Of course, despite the opinion of the New York committees, there is a potential risk of a conflict of interest if the non-lawyer at the foreign firm is directing the work.  Relaxing the rule to allow for sharing in this way is just one example of how the fee-sharing rules are eroding and may well end soon. The practice is already common in Europe and other countries. The Big 4 have all benefited from new laws in foreign jurisdictions allowing fee-sharing and non-lawyer ownership of law firms.

Of course, if the fee-sharing rules change, there will be many more entries into the market and many more associated implications than just the entry of Big 4 accounting and consulting firms. But, the Big 4 will be perfectly positioned to take advantage of the new rules and stand to benefit from any changes, posing a big threat to law firm business.

In addition to the softening of fee-sharing rules, one only has to look at the stated intentions of ILC to see that a threat exists. The American Lawyer reported last month that PwC’s Richard Edmundson, who will be running the new entity, stated that although they are not planning to practice U.S. law, in his opinion, they certainly could if so inclined. Edmundson claims ILC “isn’t controlled by the accounting firm, so it can in theory do anything that any independent law firm can do.” That statement can’t be anything but a clear line in the sand and a challenge to U.S. law firms.

You can’t really do anything about it.

Make no mistake about it: “ILC” stands for “I Like your Clients.” PwC and the rest of the Big 4 are coming after law firms with both hands swinging.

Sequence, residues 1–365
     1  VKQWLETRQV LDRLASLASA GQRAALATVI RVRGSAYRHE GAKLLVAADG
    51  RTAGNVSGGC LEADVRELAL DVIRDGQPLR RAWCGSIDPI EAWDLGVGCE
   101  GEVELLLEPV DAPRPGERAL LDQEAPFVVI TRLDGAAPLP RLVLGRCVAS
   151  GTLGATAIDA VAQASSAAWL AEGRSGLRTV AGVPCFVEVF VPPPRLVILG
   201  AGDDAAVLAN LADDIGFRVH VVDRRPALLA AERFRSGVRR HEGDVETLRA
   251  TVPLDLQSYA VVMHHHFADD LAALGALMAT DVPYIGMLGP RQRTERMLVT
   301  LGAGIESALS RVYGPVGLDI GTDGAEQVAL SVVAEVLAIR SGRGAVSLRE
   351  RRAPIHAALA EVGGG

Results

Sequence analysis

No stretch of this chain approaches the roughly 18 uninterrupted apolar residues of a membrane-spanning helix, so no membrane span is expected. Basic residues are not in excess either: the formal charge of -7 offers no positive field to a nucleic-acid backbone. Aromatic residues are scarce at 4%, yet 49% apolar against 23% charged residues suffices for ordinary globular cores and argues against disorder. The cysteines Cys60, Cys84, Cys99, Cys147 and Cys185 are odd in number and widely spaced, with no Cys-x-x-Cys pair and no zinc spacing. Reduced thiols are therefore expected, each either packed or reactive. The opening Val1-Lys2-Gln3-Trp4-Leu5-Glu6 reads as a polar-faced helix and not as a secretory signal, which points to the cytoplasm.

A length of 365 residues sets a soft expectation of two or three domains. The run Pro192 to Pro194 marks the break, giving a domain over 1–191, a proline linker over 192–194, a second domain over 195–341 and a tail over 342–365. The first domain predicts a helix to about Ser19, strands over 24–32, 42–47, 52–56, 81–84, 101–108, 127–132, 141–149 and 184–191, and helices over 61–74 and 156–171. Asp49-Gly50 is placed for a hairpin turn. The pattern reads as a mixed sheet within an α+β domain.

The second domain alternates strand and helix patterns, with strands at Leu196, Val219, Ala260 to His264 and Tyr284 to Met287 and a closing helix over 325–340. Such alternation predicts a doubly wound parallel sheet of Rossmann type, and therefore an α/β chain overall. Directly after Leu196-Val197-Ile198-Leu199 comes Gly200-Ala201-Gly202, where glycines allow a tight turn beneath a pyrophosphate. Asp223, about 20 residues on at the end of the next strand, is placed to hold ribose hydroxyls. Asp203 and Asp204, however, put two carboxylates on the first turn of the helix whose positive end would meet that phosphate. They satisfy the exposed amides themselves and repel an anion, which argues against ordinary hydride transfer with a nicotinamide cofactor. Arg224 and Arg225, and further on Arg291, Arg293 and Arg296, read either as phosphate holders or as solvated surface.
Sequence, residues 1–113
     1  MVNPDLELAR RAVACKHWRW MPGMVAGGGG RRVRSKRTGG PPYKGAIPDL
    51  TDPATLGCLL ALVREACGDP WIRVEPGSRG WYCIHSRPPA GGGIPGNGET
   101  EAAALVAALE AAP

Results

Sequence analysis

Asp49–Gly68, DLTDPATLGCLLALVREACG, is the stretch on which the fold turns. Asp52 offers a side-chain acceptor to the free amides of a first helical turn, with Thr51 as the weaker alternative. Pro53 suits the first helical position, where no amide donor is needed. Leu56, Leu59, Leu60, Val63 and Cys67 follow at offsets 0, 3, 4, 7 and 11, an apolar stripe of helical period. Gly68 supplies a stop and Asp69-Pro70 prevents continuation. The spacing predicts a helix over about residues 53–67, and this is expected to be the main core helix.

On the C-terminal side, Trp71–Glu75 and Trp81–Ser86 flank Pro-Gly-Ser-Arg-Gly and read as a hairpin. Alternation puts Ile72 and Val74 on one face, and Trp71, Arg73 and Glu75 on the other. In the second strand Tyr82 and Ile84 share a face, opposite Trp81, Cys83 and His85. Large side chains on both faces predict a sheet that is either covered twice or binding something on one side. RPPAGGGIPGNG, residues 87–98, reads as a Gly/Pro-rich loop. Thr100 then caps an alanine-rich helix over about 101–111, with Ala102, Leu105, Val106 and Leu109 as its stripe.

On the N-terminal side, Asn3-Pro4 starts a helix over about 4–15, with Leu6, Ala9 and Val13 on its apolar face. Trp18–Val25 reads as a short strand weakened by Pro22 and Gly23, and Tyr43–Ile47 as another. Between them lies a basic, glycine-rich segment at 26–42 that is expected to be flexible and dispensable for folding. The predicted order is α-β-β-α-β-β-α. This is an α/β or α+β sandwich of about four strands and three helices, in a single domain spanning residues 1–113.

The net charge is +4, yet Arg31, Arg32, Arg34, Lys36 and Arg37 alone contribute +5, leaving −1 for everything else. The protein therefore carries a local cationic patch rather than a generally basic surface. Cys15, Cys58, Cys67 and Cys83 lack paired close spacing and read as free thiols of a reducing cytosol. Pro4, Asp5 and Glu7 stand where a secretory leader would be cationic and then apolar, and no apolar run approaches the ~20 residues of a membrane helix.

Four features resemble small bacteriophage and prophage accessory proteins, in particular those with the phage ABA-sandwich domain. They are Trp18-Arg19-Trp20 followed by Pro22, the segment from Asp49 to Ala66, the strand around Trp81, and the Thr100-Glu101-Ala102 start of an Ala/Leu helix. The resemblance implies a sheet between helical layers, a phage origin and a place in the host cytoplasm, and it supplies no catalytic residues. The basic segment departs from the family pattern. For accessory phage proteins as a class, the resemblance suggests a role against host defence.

The new firm will clearly act as a marketing team drawing in U.S. based multinationals. The more relationships that office can create, the better they and the rest of PwC will be positioned as fee-sharing rules soften. Even before any changes in rules, U.S. based firms advising companies on non-U.S. matters are already competing with PwC lawyers who are backed by the more advanced marketing and integrated approaches of the Big 4.

PwC Senior Partner Shirley Brookes shared the firm’s strategy recently with Legal Business: “Our Strategy is dead simple. It is to offer to clients a legal service that complements something that PwC is doing. We are not trying to be a standalone law firm, it has got to be that complementary offering – that is our differentiator in the market.”

This is the crux of the problem for law firms. The Big 4 have been solving the problem of bringing all necessary resources together to solve the complex and varied problems of clients for a long time. Clients need it, want it and ask for it and the Big 4 have answered that call in many jurisdictions. Law firms have been traditionally very slow to create those same offerings. Partly because of the rules, but, more significantly, due to tradition and an inability to shake old ways and face the market effectively.

The die seems to be cast, and the Big 4 have already won.

You actually can do something about it and you should.

As a good friend of mine likes to say, the first rule when you are in a fight is to know that you are in a fight.